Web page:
Greenwald responded in part by saying, "I think it's pretty extraordinary that anybody who would call themself a journalist would publicly muse about whether or not other journalists should be charged with felonies. The assumption in your question, David, is completely without evidence, the idea that I've aided and abetted him in any way." But the evidence is available for anyone to see. Greenwald was and still is Snowden's handler and mouthpiece, at least until the Russians, and perhaps the Cubans, take over.

The genius behind Snowden's defection, with the help of Greenwald and Poitras, was to frame his revelations in terms of alleging that he was a "whistleblower" who was informing the American people that they were being spied upon. Some prominent conservatives and libertarians fell for the ruse, thinking Obama was using the NSA like the IRS, and that the Fourth Amendment was in jeopardy. They erupted in anger and joined various left-right coalitions to demand that the "spying" stop. On Capitol Hill, their champion was Republican Senator Rand Paul, who joined with the ACLU to announce a lawsuit against the NSA. He treated Snowden as the "whistleblower" he claimed to be and actually filed a bill, The Fourth Amendment Restoration Act of 2013 (S. 1121), based on Snowden's disclosures.

But Snowden's revelations, coming during President Obama's meeting with the Chinese president, and then on the eve of a meeting with Russian President Vladimir Putin, told us everything we needed to know about his motives. He wanted to embarrass the United States and help America's adversaries.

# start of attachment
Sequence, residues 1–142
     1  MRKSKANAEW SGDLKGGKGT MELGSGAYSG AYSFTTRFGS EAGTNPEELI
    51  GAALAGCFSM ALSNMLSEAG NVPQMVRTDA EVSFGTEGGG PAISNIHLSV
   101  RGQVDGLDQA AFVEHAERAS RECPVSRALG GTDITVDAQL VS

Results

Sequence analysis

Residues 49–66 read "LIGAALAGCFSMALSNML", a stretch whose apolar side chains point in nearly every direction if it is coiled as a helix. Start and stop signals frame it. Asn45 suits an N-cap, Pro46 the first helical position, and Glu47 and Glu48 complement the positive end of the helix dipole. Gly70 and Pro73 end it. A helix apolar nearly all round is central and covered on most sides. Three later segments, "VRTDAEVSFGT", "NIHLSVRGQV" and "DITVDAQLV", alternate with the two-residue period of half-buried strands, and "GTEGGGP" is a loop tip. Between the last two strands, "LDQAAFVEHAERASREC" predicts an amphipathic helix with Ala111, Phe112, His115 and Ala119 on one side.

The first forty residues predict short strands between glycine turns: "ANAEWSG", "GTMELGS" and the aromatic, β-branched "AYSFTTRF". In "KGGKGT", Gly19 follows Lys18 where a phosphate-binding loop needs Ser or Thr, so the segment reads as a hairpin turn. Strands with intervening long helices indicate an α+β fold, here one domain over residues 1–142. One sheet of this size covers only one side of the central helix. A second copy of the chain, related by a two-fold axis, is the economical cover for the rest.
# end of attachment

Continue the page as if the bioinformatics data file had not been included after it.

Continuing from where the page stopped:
"Without any doubt his case represents a moral victory of Russia and China over America," former Soviet KGB officer Konstantin Preobrazhensky told me. He meant that China and Russia had used Snowden to make the case that the United States was engaged in the same kinds of surveillance practices it charges Russian and China with using. The claim that the NSA was routinely "spying" on Americans was an essential part of this disinformation and propaganda ploy.

In the Martin and Mitchell case, according to an NSA report, the two defectors staged a very high-profile press conference at the "House of Journalists" in Moscow, renounced their U.S. citizenship and received Soviet citizenship. The report said they had defected "as a result of their objections to U.S. intelligence methods, including the intercept and decryption of the communications of U.S. allies."

This subject occupied Snowden's most recent disclosures, when he provided top secret documents to the Guardian about "ground-breaking intelligence capabilities" used by the NSA and its British sister organization to monitor G20 summit meetings in London in 2009.

Most of the damage done by Snowden's predecessors, Martin and Mitchell, consisted of the details they provided to the world about "NSA organization and operations and their description of NSA's methods of SIGINT targeting of the Soviet Union and the People's Republic of China," the NSA report on the case says.

Snowden claims he possesses the "full rosters of everyone working at the NSA, the entire intelligence community and undercover assets all around the world, the locations of every station we have, what their missions are and so forth."

If true, the Chinese, Russians, and Iranians would love to get their hands on this. Perhaps they already have.

© Cliff Kincaid


The views expressed by RenewAmerica columnists are their own and do not necessarily reflect the position of RenewAmerica or its affiliates.
(See RenewAmerica's publishing standards.)